Enhanced flexibility, larger capacity and optimised hull and energy efficiency reduce the vessel’s environmental impact and ensure a better service to our customers. We are proud to have the best CII rating in the PCTC segment with all of our vessels built after 2010 achieving either an A or B rating and having an engine configuration that can be converted to Methanol in the future. Our six Horizon class vessels are 40% more efficient than a standard PCTC.

Oslo Stock Exchange
Oslo Stock Exchange

Höegh Autoliners ASA

In 2021, the company converted to a public limited liability company and changed its entity name from Höegh Autoliners Holdings AS to Höegh Autoliners ASA. Later in 2021, the company successfully completed a Private Placement and was listed on Euronext Growth. In 2022, we up-listed on the main market of the Oslo Stock Exchange.

The Aurora Class
On a path to zero

The Aurora Class

Höegh Autoliners is further accelerating its decarbonization efforts by building the most environmentally friendly car carrier ever built. The launch of the design of the Aurora class vessels and the signing of contracts for the delivery of the first eight Auroras by the second half of 2026, two every six months starting from H2 of 2024, is another decisive step on Höegh Autoliner's path to zero. The Auroras will be the first in the PCTC segment to receive DNV’s ammonia and methanol-ready notations with the main engine provided by MAN and bridge system supplied by Kongsberg Maritime.

Leif Høegh

Leif Høegh lived to see the transformation of his company from an entrepreneurial enterprise into an organisation headed by a professional management team under the leadership of his sons.

Need assistance?

Our professional customer service team is here to assist you.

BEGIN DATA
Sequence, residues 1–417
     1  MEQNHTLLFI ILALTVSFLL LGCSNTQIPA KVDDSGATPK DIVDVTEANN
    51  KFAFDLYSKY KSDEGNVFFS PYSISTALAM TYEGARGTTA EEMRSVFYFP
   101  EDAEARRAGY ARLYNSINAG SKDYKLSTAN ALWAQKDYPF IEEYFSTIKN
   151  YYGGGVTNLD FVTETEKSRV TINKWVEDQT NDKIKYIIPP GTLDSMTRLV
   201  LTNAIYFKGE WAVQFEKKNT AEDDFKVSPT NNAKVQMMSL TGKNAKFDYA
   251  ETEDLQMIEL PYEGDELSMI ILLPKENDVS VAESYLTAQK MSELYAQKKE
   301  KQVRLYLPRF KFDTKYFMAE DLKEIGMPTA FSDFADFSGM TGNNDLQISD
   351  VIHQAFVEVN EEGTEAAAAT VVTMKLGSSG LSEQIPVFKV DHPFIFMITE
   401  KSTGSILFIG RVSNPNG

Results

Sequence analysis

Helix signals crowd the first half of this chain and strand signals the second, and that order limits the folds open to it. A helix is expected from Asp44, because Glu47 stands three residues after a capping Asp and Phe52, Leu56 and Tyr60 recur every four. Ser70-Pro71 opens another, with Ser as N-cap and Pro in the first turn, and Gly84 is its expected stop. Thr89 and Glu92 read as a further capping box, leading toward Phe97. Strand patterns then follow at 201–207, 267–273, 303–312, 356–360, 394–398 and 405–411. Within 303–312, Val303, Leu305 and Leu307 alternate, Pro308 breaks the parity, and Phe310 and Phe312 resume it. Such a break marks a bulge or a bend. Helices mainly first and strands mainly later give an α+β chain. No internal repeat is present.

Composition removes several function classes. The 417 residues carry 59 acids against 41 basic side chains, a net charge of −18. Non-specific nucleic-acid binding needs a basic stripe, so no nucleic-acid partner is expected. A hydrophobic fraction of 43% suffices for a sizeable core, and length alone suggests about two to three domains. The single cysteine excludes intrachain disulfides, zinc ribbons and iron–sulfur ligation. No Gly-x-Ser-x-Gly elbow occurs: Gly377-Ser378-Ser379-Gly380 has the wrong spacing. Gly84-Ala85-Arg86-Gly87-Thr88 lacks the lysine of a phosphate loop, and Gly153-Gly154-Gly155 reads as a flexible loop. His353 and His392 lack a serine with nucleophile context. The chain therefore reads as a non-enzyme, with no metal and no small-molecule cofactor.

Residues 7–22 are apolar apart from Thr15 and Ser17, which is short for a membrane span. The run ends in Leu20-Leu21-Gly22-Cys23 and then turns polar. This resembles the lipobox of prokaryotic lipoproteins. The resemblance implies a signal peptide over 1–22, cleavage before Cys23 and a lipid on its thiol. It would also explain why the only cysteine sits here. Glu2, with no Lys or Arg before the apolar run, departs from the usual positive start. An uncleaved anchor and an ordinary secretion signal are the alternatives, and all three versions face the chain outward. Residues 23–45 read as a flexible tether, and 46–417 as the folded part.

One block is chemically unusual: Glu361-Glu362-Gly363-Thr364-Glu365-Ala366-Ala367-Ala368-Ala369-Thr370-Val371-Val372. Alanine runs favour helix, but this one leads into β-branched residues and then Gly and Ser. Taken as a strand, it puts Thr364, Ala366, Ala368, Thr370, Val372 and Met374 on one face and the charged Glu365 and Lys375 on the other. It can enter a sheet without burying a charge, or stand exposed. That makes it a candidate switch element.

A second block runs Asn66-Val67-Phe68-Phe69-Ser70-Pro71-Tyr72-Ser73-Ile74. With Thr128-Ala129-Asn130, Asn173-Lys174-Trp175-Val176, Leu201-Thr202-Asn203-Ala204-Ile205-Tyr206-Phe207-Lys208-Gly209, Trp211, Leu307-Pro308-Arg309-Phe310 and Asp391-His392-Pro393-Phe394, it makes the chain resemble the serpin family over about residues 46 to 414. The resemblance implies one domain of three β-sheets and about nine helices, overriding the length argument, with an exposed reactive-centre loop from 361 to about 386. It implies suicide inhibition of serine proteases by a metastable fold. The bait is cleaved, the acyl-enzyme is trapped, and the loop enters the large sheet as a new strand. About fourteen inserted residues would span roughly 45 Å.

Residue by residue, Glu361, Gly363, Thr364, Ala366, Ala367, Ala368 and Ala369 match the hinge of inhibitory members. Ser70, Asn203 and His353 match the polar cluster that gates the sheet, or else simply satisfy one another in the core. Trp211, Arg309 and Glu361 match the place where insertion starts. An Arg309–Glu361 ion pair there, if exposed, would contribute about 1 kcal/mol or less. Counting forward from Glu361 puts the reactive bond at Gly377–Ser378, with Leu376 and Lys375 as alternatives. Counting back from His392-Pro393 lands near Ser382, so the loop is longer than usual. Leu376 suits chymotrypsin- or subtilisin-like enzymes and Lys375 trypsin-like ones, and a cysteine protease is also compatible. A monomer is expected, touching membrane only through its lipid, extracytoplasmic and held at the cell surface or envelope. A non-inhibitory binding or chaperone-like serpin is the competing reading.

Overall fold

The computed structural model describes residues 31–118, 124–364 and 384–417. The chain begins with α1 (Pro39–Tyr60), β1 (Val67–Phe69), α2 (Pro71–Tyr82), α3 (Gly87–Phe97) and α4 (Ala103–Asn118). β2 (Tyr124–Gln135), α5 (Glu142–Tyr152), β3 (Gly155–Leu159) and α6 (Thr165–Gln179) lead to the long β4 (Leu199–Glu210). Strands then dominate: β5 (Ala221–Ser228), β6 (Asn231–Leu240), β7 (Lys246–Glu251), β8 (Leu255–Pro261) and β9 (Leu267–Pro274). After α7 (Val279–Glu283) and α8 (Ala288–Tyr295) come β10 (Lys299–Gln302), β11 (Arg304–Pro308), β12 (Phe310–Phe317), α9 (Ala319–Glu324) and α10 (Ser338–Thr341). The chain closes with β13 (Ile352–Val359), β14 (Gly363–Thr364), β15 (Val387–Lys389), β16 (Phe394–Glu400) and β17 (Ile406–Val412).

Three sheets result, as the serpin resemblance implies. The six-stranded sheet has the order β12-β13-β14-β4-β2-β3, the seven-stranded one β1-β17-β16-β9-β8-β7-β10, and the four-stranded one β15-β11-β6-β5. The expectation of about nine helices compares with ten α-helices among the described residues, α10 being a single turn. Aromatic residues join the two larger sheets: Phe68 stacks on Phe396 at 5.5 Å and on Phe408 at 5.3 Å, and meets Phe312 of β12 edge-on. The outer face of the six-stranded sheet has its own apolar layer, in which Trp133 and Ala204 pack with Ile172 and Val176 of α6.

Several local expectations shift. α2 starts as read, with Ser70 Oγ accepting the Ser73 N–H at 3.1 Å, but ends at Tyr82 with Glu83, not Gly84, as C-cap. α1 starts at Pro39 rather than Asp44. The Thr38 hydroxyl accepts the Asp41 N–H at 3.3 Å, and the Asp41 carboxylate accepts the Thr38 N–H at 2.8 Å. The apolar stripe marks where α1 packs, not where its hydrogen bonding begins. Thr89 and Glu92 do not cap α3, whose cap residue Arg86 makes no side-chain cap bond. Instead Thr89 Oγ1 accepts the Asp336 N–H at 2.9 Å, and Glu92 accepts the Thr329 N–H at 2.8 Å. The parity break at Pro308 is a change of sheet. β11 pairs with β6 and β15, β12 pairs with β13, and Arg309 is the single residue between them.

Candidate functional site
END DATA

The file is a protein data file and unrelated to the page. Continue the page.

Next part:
customer service

Latest articles

25 September 2023

The World Maritime Day 2023

The World Maritime Day 2023 takes place on 28 September 2023. The day was created to honor the tireless work of international maritime industry workers. The word ‘maritime’ comes from the Latin word ‘maritimus,’ which means ‘of the sea.’

Read full article

14 September 2023

Höegh Autoliners take proactive measures to reduce the risk of fire

“Together with a clear decarbonisation target, safety is our top priority both on our existing fleet and when designing our new Aurora class vessels. Fire safety has been a focus area and part of the design work from day one,” says the COO of Höegh Autoliners, Sebjørn Dahl.

Read full article

16 August 2023

Höegh Autoliners to digitalise entire fleet and upcoming Aurora Class

With a shared vision to lead the way in green maritime technology, Kongsberg Digital and Höegh Autoliners have worked closely together since 2019. Expanding the collaboration, we have formalised an agreement to digitalise the remaining vessels in our fleet and on our upcoming Aurora-class vessels. This strategic move solidifies our commitment to leveraging digital solutions for increased efficiency and sustainability in the maritime industry

Read full article